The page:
On March 17, 2005, at 11:00 a.m. CST, anxious medical students from the University of South Alabama College of Medicine will learn where they will begin their residency training as results from the National Residency Matching Program (NRMP) are simultaneously released to all senior medical students across the United States.
Here in Mobile, USA senior medical students will gather at the USA Mitchell Center near the Waterman Globe, where results will be distributed in sealed envelopes in a random order.
This annual event, known nationwide as "Match Day", is the culmination of a process that begins in the fall when senior medical students start applying to residency programs through a national computer system. Students are then invited to interview at the discretion of each program. The NRMP has strict rules regarding communication between students and residency programs; no
one can be “guaranteed” a position. Students electronically rank the programs in their order of preference and residency program directors across the country do the same.
The “Match” refers to the process by which the students’ and the program directors’ rank lists are overlapped resulting in the selection of students for residency positions. There is also a “couples match” that strives to locate married students in the same geographic area.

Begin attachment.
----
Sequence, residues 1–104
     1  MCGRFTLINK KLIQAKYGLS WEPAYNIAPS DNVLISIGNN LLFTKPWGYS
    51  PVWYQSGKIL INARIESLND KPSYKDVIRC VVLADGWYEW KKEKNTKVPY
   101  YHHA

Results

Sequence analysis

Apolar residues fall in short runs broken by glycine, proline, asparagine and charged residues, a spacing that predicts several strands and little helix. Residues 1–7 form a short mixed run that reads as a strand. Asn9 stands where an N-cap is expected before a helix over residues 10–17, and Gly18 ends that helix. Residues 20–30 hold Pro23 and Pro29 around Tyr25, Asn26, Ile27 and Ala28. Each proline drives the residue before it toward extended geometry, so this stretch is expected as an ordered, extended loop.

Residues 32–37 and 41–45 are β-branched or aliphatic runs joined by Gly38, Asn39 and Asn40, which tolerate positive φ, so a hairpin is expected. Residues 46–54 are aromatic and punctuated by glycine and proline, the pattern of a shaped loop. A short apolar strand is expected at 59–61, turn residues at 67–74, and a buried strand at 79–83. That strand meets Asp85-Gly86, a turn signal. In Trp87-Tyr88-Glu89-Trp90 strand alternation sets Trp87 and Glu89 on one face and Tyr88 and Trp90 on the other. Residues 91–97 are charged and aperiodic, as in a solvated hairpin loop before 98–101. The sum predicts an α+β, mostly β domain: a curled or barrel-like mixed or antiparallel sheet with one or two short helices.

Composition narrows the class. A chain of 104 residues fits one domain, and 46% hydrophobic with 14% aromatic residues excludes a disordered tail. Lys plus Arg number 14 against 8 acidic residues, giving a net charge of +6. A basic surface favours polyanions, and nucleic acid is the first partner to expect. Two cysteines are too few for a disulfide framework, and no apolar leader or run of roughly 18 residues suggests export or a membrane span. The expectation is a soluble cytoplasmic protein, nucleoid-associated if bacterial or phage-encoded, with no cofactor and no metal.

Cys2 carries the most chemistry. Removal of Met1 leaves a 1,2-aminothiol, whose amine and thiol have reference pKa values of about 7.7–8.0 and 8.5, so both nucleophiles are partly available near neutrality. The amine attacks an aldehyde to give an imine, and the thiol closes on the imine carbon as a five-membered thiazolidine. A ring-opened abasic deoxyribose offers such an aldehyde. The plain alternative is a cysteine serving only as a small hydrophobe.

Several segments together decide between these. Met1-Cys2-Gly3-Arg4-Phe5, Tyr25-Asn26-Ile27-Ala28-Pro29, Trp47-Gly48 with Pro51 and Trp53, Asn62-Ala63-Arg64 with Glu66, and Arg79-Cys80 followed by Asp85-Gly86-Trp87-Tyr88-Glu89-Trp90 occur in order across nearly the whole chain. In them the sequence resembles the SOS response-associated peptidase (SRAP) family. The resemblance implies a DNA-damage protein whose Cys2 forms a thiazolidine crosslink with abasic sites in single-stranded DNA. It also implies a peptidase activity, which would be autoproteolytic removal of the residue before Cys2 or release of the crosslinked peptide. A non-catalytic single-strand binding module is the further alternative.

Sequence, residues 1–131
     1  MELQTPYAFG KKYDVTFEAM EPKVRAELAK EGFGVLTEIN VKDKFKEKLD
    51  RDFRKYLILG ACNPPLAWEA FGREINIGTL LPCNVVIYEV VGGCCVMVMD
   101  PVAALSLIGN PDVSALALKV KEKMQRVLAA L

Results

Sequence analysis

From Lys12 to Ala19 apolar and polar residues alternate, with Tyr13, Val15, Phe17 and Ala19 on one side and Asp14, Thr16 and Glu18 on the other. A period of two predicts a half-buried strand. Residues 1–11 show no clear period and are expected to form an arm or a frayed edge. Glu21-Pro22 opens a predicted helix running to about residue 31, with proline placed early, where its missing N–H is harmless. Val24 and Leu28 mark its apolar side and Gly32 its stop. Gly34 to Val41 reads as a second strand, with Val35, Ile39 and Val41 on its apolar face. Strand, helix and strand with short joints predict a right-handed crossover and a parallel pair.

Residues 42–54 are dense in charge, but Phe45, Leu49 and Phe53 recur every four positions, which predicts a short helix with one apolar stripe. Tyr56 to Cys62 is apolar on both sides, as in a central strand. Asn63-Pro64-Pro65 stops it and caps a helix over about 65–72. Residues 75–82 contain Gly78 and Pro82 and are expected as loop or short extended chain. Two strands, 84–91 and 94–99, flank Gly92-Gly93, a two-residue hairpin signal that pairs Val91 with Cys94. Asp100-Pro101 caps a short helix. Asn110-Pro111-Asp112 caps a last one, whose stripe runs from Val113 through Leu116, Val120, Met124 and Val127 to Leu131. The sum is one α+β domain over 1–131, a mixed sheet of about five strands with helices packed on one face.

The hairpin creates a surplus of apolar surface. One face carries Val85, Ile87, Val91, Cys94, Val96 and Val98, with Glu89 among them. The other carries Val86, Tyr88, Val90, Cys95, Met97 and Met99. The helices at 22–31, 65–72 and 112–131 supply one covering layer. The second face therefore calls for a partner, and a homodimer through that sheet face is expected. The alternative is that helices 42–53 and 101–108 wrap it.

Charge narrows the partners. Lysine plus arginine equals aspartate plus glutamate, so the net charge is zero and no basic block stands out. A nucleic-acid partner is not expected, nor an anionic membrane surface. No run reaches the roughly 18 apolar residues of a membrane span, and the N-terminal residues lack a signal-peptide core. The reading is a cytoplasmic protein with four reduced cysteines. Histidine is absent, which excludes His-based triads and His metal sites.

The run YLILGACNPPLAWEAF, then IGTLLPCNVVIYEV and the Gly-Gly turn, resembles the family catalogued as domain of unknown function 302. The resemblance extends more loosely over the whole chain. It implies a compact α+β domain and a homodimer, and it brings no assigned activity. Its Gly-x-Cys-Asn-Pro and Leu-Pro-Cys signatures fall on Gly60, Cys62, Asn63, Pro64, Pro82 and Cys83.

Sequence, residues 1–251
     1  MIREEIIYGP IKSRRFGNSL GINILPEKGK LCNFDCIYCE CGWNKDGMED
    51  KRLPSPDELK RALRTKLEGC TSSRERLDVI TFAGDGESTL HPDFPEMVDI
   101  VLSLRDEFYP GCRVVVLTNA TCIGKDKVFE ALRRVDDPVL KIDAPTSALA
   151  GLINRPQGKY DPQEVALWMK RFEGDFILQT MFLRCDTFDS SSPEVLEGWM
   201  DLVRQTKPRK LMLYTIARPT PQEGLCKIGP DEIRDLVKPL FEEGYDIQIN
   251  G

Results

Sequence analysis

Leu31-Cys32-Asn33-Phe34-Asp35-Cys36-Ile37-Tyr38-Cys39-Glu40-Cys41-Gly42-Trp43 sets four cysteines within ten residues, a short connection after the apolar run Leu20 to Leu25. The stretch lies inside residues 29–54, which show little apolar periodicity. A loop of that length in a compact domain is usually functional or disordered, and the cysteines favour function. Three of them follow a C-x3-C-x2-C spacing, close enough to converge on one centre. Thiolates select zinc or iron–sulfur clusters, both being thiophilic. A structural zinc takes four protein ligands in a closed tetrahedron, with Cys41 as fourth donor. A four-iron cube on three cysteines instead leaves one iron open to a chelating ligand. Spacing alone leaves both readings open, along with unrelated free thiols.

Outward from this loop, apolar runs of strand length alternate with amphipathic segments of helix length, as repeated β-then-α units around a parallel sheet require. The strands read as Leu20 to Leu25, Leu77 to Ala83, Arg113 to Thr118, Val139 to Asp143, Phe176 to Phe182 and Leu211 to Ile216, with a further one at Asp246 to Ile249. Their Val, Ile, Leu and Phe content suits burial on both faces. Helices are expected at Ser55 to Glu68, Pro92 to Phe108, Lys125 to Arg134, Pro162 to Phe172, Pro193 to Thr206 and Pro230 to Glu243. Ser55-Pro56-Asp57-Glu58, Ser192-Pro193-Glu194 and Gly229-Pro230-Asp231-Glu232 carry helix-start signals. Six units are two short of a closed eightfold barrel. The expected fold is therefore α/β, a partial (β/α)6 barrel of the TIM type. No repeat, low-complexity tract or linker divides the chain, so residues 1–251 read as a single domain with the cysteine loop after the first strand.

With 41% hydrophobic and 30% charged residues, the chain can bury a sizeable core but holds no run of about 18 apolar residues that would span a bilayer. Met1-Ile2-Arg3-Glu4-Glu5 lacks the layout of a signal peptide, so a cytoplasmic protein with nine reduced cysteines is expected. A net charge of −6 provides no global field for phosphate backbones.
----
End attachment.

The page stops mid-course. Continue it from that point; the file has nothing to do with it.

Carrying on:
Depending on the student’s chosen specialty, a residency will last from three to six years. The minutes, hours and days leading to the moment that the envelopes are handed out are stressful, as the students anxiously hope for news of a match to their first choice.
"The quality of our medical school is reflected in the achievements of our students and alumni. Each year, our students successfully compete with medical students across the United States for some of the nation’s most competitive residency positions," said M. Margaret O’Brien, M.D., J.D., associate dean for student affairs at the USA College of Medicine. “While many of our students remain here on the Gulf Coast, last year we had students match on the East Coast (New Hampshire) and the West Coast (Oregon).”
While most USA medical students are matched through the NRMP, a few obtain residencies through other sources, such as the military or specialty matches. According to Dr. O’Brien, eight of this year's 59 senior medical students have matched through the military or specialty matches.
Doctor of Medicine degrees will be conferred on the USA College of Medicine Class of 2005 at USA's graduation ceremonies on May 7, 2005.
During the past 29 years, more than 1,700 medical students have graduated from the USA College of Medicine. The first USA College of Medicine class graduated in 1976. More than one-third of practicing physicians in our area are graduates of the USA College of Medicine and/or trained in the USA Hospitals System.